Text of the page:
Since 2005, Fred Mintzer has been the Program Director for IBM's Blue Gene Watson supercomputer facility and the Associate Director of the Deep Computing Institute. His research interests span supercomputing systems, signal processing, image processing, the role of signal processing in high-performance computing, digital libraries, and multimedia security.
Dr. Mintzer received the PhD degree in EECS from Princeton University and joined IBM's T.J. Watson Research Center shortly thereafter. His thesis research was on multirate digital signal processing. Early in his IBM career, he did research on digital signal processing algorithms, applications and architectures. His research on novel digital filtering structures led to the first print publication on perfect-reconstruction filter banks. His early research also produced publications on a pioneering signal processor architecture called the Research Signal Processor.
Later, he worked on fast methods for the manipulation of binary images, including methods for anti-aliasing, reduction, enlargement, and rotation. Much of this was done to support early efforts to integrate images and computers. Many of the methods appeared in early IBM image offerings, including the Image View Facility.
Beginning in the mid 1980s, Dr. Mintzer led a team at IBM's Watson Research Center that developed the image technologies needed to support image database systems. During this period, their focus was on image quality and image security as they developed image capture, image workflow, and color management solutions. The technologies developed were validated in a number of projects with cultural institutions that included the staff of artist Andrew Wyeth, the Vatican Library, the (US) National Gallery of Art, Russia's State Hermitage Museum and the EternalEgypt partners. These projects pioneered image databases, color management, web imaging, visible and invisible image watermarking. They produced some of the best image collections on the web. Both the Hermitage web site (hermitagemuseum.org) and the EternalEgypt web site (eternalegypt.org) won numerous awards including "Best of the Web" awards.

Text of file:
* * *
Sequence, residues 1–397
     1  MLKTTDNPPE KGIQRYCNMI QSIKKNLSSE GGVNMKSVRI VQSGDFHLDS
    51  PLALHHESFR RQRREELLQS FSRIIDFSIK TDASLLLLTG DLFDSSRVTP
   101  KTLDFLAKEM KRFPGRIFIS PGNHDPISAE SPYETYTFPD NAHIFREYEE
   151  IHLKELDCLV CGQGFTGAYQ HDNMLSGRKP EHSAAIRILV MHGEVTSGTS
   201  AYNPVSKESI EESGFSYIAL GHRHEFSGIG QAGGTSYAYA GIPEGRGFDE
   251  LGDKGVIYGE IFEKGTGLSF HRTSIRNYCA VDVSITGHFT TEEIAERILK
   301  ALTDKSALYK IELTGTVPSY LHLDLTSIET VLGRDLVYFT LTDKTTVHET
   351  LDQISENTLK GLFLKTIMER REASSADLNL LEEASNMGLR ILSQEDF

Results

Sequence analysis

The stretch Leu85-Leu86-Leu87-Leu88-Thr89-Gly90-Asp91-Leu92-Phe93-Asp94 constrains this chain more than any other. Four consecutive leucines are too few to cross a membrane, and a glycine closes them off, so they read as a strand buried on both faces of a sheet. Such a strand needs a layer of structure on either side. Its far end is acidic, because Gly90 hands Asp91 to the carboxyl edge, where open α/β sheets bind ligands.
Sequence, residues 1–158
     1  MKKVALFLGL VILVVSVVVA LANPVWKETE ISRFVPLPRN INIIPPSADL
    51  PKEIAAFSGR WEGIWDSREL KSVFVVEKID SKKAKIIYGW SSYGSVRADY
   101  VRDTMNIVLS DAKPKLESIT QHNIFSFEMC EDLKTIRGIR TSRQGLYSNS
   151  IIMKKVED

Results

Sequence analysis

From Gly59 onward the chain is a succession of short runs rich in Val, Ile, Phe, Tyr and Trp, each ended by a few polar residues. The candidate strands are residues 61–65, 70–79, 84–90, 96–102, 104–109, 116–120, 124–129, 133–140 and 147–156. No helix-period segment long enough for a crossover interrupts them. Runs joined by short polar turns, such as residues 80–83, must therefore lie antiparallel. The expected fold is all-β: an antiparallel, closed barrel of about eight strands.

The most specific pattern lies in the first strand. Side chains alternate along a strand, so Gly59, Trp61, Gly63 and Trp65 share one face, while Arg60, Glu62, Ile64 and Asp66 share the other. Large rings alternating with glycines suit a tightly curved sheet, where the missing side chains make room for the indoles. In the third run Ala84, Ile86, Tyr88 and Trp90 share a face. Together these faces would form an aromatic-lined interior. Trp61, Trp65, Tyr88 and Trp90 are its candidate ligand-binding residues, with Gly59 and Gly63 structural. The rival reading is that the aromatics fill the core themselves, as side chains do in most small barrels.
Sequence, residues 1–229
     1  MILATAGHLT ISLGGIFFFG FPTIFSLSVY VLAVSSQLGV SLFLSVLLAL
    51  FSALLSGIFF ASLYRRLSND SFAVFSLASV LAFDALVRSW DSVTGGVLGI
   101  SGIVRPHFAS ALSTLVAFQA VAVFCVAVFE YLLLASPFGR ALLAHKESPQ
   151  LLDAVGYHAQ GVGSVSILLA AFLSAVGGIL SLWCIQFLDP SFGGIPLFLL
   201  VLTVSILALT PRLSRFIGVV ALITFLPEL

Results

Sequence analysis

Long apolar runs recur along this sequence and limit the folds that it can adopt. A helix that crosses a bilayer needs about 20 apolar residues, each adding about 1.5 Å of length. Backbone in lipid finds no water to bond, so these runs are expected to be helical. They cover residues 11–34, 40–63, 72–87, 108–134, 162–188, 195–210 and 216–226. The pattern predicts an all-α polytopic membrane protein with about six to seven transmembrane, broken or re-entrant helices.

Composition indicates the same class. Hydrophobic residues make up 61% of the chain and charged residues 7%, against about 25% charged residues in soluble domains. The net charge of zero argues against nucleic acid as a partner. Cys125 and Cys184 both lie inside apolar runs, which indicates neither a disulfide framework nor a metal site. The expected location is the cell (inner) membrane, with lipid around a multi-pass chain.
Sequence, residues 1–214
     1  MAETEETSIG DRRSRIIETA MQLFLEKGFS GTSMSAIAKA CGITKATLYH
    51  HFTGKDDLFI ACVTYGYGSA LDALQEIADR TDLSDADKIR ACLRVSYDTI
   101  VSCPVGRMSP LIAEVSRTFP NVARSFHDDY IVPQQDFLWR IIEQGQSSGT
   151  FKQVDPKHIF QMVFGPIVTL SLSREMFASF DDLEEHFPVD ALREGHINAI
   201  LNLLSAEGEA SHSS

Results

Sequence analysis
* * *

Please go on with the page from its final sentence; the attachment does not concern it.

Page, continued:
Also in that era, his team developed new technologies for printing that also focused on image quality and image security. In addition, they sought, created, and developed new applications for document watermarking.
In 2001, Dr. Mintzer became the Senior Manager of the Visual Technologies Department, which developed the technologies needed to address a variety of challenging visualization, 3D graphics and digital imaging problems. Among it's accomplishments were development of the capture portions of the EternalEgypt web site, and the development of a distributed visualization system - Deep Computing Visualization. His department also continued earlier research on invisible watermarking, print security, and the application of image watermarking to print security.
Dr. Mintzer is the author or co-author of more than fifty technical papers. He is inventor or co-inventor on over twenty-five patents and has served two terms as an IBM Research Master Inventor. He is a Fellow of the IEEE. In 2004-05, he was the President of the IEEE Signal Processing Society, and in 2008-09 he was the IEEE Division IX Director and a member of the IEEE Board of Directors. In 2000, he was awarded an IEEE Third Millennium medal. In 2009, he was awarded the IEEE Signal Processing Society's Meritorious Service Award. He was the 2012 Vice President of IEEE Technical Activities.